Understand the consequences: The potential consequences of a distracted driving accident could include serious, possibly fatal injuries and costly damages. Drivers who engage in texting while driving could also be subject to fines, penalties or loss of license per the Federal Motor Carrier Safety Administration (FMCSA)’s regulations.

Invest in technology: Accidents happen and while most distracted driving incidents are avoidable, technology offers an extra line of defense and proof for drivers and the lumber business that employ them. Every fleet-operating business should consider a few tech tools for the safety of their drivers, fellow drivers and the business at large. A few of those technology tools include: 

  • Cell phone blocking & monitoring is a tool that limits a drivers access to their cell phone while driving, usually in the form of a mobile application, to adjust driver behavior. Companies such as LifeSaver create apps that run in the background of a drivers phone and only presents a visual block on their phone when a vehicle is in motion.
  • Telematics often comes in the form of a box connected to a vehicle that monitors driver behaviors such as hard braking, speeding and more. Azuga offers a range of telematics resources to help lumber dealers and operators analyze driver behavior to address it.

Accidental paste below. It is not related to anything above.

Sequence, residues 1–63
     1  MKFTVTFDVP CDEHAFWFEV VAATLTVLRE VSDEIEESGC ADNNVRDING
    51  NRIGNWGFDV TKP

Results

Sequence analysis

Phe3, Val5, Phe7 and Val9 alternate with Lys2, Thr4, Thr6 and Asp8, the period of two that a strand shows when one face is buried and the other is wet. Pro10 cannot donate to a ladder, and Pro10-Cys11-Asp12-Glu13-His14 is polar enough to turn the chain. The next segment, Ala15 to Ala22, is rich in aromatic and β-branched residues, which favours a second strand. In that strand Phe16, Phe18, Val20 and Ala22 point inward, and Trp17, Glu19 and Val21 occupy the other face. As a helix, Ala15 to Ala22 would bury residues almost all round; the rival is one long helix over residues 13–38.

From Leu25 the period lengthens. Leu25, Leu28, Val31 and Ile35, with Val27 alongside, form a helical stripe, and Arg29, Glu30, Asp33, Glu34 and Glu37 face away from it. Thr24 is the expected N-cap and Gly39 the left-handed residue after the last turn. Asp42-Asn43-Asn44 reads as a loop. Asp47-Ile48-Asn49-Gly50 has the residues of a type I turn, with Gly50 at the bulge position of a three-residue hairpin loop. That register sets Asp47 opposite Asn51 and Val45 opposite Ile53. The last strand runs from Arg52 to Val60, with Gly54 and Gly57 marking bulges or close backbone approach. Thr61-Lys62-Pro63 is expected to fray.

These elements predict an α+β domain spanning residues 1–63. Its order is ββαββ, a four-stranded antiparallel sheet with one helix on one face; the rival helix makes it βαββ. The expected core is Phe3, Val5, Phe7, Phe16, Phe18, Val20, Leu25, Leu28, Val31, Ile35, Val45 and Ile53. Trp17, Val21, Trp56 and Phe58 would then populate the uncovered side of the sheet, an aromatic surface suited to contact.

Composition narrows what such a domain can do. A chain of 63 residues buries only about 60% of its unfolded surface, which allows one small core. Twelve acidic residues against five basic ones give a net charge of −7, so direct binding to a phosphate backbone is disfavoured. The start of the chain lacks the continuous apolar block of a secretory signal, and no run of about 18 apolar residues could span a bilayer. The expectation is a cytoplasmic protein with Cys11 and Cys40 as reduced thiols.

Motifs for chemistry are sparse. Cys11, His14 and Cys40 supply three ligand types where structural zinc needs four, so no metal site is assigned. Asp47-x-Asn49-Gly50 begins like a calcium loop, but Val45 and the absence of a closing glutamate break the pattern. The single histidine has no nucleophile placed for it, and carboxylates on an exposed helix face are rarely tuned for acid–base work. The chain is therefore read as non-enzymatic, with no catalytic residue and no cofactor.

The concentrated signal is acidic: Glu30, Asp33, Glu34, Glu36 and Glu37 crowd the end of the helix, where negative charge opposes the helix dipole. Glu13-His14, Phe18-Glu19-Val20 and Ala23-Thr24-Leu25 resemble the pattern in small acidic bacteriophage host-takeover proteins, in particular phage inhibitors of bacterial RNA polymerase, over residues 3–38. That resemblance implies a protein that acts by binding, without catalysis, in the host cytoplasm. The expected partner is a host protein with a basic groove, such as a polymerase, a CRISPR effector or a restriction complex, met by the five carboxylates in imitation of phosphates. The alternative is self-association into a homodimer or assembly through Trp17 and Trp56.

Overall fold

• Cameras, both driver facing and dash cameras, can help business owners and drivers prove fault in the event of an accident as well as discourage distracted driving. Many telematics providers offer some sort of distracted driving alerts, but a driver facing camera can show exactly what happened before, during and after an accident.

Insurance & Distracted Driving 

Combatting distracted driving is a team effort and an insurance professional who specializes in the wood niche can be a key resource in fleet risk mitigation, considering technology options and much more. Pennsylvania Lumbermens Mutual Insurance Company (PLM) offers a library of resources via the Loss Control Center covering several fleet-related topics including distracted driving. An insurance professional can also advise clients on the potential impacts a distracted driving incident can have, offer comprehensive risk assessments and help with claims in the event of one. 

Distracted driving is a societal issue and a rising threat to everyone on the road. Business owners cannot afford for their drivers to be off their game for even a minute. A great place for lumber dealers and operators to begin or strengthen their protocols against distracted driving is by speaking with an insurance professional who understands distracted driving risks as well as the lumber industry. And what better time to get started than Distracted Driving Awareness Month. 

About the Author

Mike Zdrojewski is a loss control consultant with Pennsylvania Lumbermens Mutual Insurance Company, the oldest and largest mutual insurance company dedicated to the wood products and materials industry. He can be reached at 267-825-9152 or by email at mzdrojewski@plmins.com.

To learn more about Pennsylvania Lumbermens Mutual Insurance Company, visit www.plmins.com.

photos: iStock.com